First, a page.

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January 03, 2023

'Most famous Philadelphian who never lived': Podcast will explore cultural legacy of the 'Rocky' statue

The six-part series from WHYY debuts Jan. 10 and delves into stories of real-life Philly boxers, examining what it takes to make a monument

Podcast Rocky Statue
Rocky Statue Podcast Thom Carroll/For PhillyVoice

The lasting cultural legacy of the 'Rocky' statue is the subject of an upcoming podcast from WHYY Studios. 'The Statue,' hosted by Monument Labs co-founder Paul Farber, examines the 'Rocky' franchise and tells the story of the monument, its history and its relevance to visitors.

Of all celebrities and artists who have called Philadelphia home, none are as entangled with Philly's cultural identity as Rocky Balboa, the fictional boxer whose series of rises and falls from from obscurity to champion are told in the course of eight films – with a ninth on the way.

In the 46 years since the first "Rocky" movie premiered, it has become one of the most popular franchises in film history. Each year, more than 4 million people make the journey to Philly to visit a destination unlike any other — the "Rocky" statue, a 8 1/2-foot bronze monument near the base of the Philadelphia Museum of Art's steps on the Benjamin Franklin Parkway.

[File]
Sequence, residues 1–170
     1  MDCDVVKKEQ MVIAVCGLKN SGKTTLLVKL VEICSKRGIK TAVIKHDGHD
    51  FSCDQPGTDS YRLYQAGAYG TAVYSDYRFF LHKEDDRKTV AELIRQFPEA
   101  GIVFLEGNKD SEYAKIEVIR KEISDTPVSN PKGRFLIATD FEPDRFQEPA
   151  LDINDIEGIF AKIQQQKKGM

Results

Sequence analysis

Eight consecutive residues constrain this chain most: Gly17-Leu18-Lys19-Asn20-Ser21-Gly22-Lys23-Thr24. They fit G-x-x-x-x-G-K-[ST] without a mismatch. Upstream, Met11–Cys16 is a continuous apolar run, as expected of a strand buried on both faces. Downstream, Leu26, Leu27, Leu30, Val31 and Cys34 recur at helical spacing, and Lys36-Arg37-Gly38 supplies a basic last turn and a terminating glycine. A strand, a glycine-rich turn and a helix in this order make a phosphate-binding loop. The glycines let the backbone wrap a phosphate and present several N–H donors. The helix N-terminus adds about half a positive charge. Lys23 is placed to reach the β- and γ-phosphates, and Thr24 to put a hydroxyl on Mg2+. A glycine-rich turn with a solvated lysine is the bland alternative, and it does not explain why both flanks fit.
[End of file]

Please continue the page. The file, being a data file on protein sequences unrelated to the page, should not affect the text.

That statue — its history and lasting cultural legacy — is the subject of "The Statue," an upcoming podcast from WHYY Digital Studios. Set to premiere on Tuesday, Jan. 10, "The Statue" examines the "most famous Philadelphian who never lived," exploring the stories of real-life Philly boxers and discussing the importance of the distinct and unique monument to the fictional fighter. 

"The Statue" is hosted by Paul Farber, director and co-founder of Monument Lab, a public art and history studio based in Philly.  The organization researches the connections between monuments and the public memory they serve. Though much of the production took place in 2022, Farber began the project just before the COVID-19 pandemic caused shutdowns across the city. 

After his mom — herself a native of Northeast and South Philly — advised him to look at the "Rocky" statue as a way to understand the city, Farber took a deep dive into the "Rocky" franchise. He watched every film, as well as any documentary he could find that involved the character in some way. He also read whatever writing about "Rocky" he could find, and looked at artwork that inspired the story. 

Each week, he visited the statue, observing how tourists interacted with the monument, and spoke to visitors about why they chose to focus on this statue, out of hundreds installed throughout the city. 

"There is a reason why the Art Museum steps are the place of gathering," Farber said. "(Sylvester) Stallone is not alone in believing that, and he really amplified that site. The Art Museum steps have been a place of vigil, uprising, labor strikes, celebrations — it's the ultimate people's pedestal. It's the place to see and be seen. Although there's meaningful art inside, it's the outside that has become really profound. The 'Rocky' statue and the 'Rocky' story are part of that, and when you look at the story, you understand what people bring there and what they take away."